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NEW DELHI: China’s multibillion-dollar projects in Pakistan have become a cause of major unrest in the country with massive protests erupting in the port city of Gwadar where Beijing has built a deep sea port as part of its $60 billion China-Pakistan Economic Corridor (CPEC).
Head of the ‘Give rights to Gwadar’ rally Maulana Hidayat ur Rehman said that despite building the Gwadar Deep Sea Port, the people of the city were still jobless. We do not have electricity or power, and we feel insulted every time we are stopped at the numerous security checkpoints, he added.
The fishermen in the area, meanwhile, said Islamabad had issued licences to Chinese trawlers to fish in the coastal waters, rendering them virtually jobless as their small boats are unable to compete.
The protests, which have been going on for over a week, are part of growing discontent with China’s presence in Gwadar and other areas.
The deep sea port comes under China’s highly controversial Belt and Road Initiative (BRI).
India has protested to China over the CPEC as it traverses through Pakistan-occupied Kashmir (PoK).
The massive infrastructure project connects China’s Xinjiang province with Gwadar port in Pakistan’s Balochistan province.

A security state

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Gwadar port has long been portrayed as the jewel in the CPEC crown, but in the process, the city has become a security state.
The authorities’ priorities are geared towards securing the port and its ancillary interests; the welfare of those for whom the area is home counts for little. Far from the port being a harbinger of an economic boom, the opposite has happened, The Dawn newspaper reported.
People’s mobility is restricted by security forces and there is unwarranted questioning of their activities. Many say they are made to feel like strangers in their own land, it said.

Baloch insurgency

The festering social unrest and anti-Chinese sentiment has given a fillip to Baloch militant insurgent groups, who have carried out terrorist attacks at CPEC projects.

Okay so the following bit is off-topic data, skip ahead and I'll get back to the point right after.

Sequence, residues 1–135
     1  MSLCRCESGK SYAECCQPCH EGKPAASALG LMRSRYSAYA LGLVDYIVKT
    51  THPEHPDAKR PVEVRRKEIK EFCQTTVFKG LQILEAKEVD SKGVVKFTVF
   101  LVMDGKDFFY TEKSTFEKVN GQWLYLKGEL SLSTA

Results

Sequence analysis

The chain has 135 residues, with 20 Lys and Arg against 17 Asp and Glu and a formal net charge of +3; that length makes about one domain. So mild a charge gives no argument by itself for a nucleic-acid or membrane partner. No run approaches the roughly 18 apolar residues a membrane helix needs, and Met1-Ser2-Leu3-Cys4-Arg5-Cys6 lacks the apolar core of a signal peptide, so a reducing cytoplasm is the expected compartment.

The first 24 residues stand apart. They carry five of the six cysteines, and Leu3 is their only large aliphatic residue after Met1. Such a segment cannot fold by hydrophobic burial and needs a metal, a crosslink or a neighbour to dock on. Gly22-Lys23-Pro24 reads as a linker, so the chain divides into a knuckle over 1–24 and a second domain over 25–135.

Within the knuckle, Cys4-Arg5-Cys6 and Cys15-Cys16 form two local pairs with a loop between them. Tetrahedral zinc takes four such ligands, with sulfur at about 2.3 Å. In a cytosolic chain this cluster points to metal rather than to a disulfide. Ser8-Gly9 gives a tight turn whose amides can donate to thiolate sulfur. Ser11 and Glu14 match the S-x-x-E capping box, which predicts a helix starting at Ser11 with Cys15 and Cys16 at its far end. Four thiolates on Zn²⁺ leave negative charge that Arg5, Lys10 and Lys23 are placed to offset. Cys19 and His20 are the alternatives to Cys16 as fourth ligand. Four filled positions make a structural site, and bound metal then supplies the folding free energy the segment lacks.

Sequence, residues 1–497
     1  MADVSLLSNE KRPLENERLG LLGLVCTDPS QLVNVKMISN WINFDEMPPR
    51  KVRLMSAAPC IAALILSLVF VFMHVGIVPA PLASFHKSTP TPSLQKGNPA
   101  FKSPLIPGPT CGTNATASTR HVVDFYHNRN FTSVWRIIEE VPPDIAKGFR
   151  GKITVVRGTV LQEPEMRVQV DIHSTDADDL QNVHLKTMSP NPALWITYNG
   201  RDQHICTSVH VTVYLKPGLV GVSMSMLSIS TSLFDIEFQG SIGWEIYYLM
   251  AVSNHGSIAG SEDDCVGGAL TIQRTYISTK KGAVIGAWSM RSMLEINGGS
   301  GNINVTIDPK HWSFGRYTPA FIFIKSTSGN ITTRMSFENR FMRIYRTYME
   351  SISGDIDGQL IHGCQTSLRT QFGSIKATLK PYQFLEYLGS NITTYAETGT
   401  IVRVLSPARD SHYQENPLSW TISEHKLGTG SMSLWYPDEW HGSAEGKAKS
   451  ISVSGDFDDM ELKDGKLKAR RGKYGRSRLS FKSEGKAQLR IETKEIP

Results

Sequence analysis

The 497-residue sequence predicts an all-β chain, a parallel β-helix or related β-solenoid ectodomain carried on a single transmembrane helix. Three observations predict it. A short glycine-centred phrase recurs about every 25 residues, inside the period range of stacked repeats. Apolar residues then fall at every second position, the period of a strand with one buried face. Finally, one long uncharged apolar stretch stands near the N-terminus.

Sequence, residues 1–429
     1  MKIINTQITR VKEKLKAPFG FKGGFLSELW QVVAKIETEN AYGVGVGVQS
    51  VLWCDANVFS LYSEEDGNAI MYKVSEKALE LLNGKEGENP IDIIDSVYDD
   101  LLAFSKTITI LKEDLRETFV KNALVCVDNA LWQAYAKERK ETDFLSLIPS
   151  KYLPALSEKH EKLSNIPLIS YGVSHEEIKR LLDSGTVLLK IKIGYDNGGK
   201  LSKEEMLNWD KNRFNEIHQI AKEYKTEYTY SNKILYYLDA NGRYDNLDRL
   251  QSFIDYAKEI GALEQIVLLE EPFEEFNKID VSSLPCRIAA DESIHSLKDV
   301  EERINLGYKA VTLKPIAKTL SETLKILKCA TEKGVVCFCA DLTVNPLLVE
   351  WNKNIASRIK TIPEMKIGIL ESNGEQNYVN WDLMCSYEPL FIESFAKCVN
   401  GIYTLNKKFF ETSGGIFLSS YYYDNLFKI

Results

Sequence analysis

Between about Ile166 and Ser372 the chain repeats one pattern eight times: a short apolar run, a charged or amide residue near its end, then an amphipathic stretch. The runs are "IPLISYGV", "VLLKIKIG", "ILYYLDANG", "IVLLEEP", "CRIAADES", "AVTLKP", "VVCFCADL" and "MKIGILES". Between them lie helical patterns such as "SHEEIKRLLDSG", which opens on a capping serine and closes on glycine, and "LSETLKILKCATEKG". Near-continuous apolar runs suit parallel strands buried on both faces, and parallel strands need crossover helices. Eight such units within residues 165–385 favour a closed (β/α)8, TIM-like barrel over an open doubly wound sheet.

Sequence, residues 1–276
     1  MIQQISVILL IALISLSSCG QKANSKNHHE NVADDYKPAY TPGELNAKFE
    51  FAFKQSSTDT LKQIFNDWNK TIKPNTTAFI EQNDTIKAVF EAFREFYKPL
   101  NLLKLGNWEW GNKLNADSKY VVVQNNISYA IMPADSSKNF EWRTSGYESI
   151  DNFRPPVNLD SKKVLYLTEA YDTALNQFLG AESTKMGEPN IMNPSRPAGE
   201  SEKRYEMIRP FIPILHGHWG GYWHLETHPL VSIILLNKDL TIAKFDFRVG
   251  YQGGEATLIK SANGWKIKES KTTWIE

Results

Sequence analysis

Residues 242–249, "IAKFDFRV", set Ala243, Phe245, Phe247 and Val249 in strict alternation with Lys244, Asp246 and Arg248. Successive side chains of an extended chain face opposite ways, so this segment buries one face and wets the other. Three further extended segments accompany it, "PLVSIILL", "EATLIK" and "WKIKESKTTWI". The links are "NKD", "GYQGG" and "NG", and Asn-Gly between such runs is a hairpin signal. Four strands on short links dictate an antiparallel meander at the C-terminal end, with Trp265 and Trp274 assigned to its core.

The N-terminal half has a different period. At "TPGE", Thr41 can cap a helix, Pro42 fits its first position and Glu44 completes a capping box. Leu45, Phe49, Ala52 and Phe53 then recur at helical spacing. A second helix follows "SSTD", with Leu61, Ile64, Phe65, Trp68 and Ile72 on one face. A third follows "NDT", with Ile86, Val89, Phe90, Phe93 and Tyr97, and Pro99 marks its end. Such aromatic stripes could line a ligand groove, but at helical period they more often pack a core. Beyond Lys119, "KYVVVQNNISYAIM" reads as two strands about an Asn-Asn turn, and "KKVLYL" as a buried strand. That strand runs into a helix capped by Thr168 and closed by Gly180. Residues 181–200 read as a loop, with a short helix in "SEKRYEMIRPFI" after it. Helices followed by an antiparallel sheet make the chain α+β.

In August this year, a suicide bomber attacked a motorcade carrying Chinese personnel on the Gwadar East Bay Expressway project. One Chinese was injured and two local children were killed.
In October last year, gunmen killed at least 14 people after ambushing a convoy of vehicles travelling from Gwadar to Karachi. In 2019, five people, including a Pakistani Navy soldier, were killed in an attack on the luxury Pearl Continental hotel in Gwadar.

Dual purpose

The Gwadar project provides China with ‘deep berthing rights’ and gives it a safe and shorter route for its oil and mineral imports from the Middle East and Africa. Transport time is expected to be cut from nearly a month to just a week.
It also gives China a safe harbour for its navy, from where it can exert dominance in the region.
In order to suppress rising voices, Pakistan and China recently decided to increase the militarization of Gwadar and its neighbouring areas by expanding the CPEC project.
Last month, the Karachi Coastal Comprehensive Development Zone agreement was reached, with provisions for four new berths for Karachi Port Trust, a state-of-the-art fishing port and an urban infrastructure zone. The project envisions attracting $3.5 billion of Chinese investments, which undoubtedly will also have Chinese security in Karachi port.
Financially, Pakistan owes China approximately 27.4 percent of its total external debts that total up to $24.7 billion.
(With inputs from agencies)

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